View (looking aft) from the Port Paddle Box of Great Eastern, showing the Trough for Cable etc.
Coloured lithographpublished 1865
- About the work
About the artist
Illustrator Robert Dudley worked for ‘The London Illustrated News’ from 1858. He was sent to Newfoundland aboard the Great Eastern by the newspaper to record the landing of the Atlantic Cable. In 1867 he published a collection of 25 lithographs, based on watercolours he made during the trip. These were used as illustrations to the publication ‘The Atlantic Telegraph’. Dudley also exhibited one watercolour of this subject at the Royal Society of British Artists in 1866. In addition to his illustrations, Bartlett was well-known for his designs for decorative book covers, many of which include his signature. He lived and worked in Kensington from 1865 to 1875 and in Notting Hill from 1875 until his death in 1893.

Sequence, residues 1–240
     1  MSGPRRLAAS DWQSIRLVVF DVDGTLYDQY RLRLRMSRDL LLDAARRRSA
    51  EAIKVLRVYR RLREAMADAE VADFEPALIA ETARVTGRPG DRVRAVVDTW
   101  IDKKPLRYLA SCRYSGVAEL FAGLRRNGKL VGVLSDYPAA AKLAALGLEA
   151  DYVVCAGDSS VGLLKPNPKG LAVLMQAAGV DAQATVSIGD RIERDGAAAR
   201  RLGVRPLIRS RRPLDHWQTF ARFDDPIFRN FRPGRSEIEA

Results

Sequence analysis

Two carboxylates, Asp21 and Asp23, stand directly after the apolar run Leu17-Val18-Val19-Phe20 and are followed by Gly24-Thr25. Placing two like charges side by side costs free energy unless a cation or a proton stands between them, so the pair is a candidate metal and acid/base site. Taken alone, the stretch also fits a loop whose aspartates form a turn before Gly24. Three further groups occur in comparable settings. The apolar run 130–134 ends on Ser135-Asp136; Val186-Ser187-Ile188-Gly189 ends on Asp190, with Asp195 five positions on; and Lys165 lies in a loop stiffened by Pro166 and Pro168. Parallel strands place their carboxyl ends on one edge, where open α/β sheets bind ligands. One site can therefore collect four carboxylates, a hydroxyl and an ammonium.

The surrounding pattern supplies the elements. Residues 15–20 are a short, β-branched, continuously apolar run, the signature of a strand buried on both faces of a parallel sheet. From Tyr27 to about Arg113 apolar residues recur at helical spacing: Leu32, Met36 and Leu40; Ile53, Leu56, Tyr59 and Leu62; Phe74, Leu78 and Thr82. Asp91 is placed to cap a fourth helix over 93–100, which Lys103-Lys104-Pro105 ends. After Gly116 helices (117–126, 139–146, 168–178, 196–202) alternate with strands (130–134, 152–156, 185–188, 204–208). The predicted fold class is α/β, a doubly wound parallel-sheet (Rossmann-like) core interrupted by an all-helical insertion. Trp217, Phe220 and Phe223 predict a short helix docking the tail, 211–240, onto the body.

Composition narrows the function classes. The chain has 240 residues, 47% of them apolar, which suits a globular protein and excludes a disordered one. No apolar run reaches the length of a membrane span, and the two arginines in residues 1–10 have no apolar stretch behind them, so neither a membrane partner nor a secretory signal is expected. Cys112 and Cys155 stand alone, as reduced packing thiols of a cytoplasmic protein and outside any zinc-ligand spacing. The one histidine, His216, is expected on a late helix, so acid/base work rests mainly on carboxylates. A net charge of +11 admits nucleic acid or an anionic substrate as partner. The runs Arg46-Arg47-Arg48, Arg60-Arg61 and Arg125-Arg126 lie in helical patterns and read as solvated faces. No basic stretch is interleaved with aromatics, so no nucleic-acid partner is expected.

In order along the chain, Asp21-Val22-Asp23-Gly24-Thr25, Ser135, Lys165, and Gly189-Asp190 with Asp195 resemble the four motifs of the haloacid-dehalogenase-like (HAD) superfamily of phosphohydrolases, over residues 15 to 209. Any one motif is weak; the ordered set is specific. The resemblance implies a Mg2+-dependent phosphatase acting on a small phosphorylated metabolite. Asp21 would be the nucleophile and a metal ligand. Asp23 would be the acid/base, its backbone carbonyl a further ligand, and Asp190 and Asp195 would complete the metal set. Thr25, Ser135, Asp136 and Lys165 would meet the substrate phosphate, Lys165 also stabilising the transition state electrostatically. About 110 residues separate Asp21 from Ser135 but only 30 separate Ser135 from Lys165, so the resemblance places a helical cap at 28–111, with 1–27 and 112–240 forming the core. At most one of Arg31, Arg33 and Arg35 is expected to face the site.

Edmund Walker began as a miniature painter on ivory, abandoning the practice as photography grew in popularity. He then turned to architectural draughtsmanship, making sketches of country seats and selling them to the owners. His views of the Thames Embankment (completed 1870) were exhibited at the Royal Academy, as were many of his architectural drawings. Sometime before 1851 he began working for the publishers Day & Son. He made watercolour views and lithographs of the interiors of the Great Exhibition and lithographed William Simpson’s sketches of the Crimean War and the Indian Mutiny for the firm. He reportedly ‘never fully recovered’ from the effect of the failing fortunes of Day & Son, late in his career. Walker died in 1882, aged 68.